Journal of the House of Lords: Volume 12, 1666-1675. Originally published by His Majesty's Stationery Office, London, 1767-1830.
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DIE Veneris, 30 die Aprilis.
Bill to prevent Dangers from disaffected Persons.
The Lord Privy Seal reported, "That the Committee, being in Consideration of the Bill for preventing of Dangers which may arise from Persons disaffected to the Government, hath framed an Order, which is offered to the Consideration of the House; (videlicet,) That no Oath shall by this Bill be imposed upon the Peers, with the Penalty, in Case of Refusal, to lose their Places and Votes in Parliament, or Liberty of Debate therein."
No Oaths to be imposed on Peers, with Penalty of losing their Seats.
"ORDERED, by the Lords Spiritual and Temporal in Parliament assembled, That no Oath shall be imposed, by any Bill, or otherwise, upon the Peers, with a Penalty, in Case of Refusal, to lose their Places and Votes in Parliament, or Liberty of Debates therein; and that this Order be added to the Standing Orders of this House."
ORDERED, That on Monday Morning next the House be put into a Committee, to proceed in the Consideration of the Bill to prevent the Dangers which may arise from Persons disaffected to the Government; and to be the First Business.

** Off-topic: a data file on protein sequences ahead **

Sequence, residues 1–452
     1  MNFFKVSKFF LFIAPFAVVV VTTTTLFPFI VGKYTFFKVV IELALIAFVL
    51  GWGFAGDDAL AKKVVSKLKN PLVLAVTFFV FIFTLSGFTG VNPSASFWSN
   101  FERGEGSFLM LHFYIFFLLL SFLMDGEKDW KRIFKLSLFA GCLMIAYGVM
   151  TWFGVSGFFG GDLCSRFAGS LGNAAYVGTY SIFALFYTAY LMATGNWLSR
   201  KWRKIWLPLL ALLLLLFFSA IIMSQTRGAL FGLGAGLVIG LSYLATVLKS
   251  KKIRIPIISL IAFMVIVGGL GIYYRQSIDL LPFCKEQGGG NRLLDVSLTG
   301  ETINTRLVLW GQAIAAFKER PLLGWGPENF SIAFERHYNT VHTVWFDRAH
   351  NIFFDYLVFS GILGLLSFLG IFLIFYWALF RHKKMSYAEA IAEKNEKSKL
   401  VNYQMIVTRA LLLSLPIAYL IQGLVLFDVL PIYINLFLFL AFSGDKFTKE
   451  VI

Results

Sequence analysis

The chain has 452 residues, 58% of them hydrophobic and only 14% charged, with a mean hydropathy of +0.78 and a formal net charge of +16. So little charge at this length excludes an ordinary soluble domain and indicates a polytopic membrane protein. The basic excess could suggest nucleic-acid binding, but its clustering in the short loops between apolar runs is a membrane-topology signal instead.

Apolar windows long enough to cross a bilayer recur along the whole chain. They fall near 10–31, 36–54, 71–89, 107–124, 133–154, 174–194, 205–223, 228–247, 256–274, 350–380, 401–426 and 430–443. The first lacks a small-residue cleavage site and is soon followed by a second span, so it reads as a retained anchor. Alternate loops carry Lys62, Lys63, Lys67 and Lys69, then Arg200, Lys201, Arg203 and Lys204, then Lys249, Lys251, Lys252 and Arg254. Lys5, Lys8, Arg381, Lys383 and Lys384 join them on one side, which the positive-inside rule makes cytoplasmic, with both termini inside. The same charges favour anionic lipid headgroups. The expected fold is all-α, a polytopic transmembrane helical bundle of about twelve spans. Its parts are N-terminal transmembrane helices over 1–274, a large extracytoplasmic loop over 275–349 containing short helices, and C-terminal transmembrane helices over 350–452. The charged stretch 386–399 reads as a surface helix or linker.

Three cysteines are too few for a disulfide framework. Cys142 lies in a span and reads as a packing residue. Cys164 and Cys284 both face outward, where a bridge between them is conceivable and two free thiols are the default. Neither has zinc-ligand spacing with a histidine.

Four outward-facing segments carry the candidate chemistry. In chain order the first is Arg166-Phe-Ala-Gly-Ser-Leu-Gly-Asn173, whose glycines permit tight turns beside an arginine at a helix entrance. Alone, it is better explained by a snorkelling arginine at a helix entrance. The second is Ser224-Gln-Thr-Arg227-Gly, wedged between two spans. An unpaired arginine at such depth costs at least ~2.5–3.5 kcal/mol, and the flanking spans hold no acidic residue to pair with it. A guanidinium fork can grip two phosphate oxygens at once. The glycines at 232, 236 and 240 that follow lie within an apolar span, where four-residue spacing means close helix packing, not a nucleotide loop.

Villiers' Petition to the King, for his Writ of Summons as Viscount Purbeok.
"That Your Petitioner's Father, to the great Injury of the Petitioner, was so ill advised, as to endeavour to cut off those Honours that were conferred upon his Family by the Favour of Your Majesty's Royal Ancestors; which, notwithstanding those his Endeavours, Your Petitioner is told, was not in his Father's Power to do; and also, to Your Petitioner's great Grief, by that and other Actions, his Father was so unhappy as to fall into Your Majesty's Displeasure; for which, and all Things else wherein his Father did offend Your Majesty, Your Petitioner is most extremely sorry, and shall all the Days of his Life strive to redeem his Father's Faults, by his most dutiful and loyal Carriage and Services to Your Majesty; and can never be enough thankful for Your Majesty's great Goodness and Clemency towards him.
"Your Petitioner therefore humbly prays, Your Majesty would be graciously pleased to permit Your Petitioner to attend upon Your Majesty in the House of Peers, as others of his Quality that are under Age do; and he hopes that the Justice of his Cause will so much appear, that he shall have Your Majesty's Grace and Favour in the Maintenance of his Right.
Reference to the Attorney General.
"His Majesty is graciously pleased to refer this Petition to Mr. Attorney General, who is to consider the Petitioner's Case and Request, and to make Report to His Majesty what he may do therein according to Law; and then His Majesty will declare his further Pleasure.
Attorney General's Report.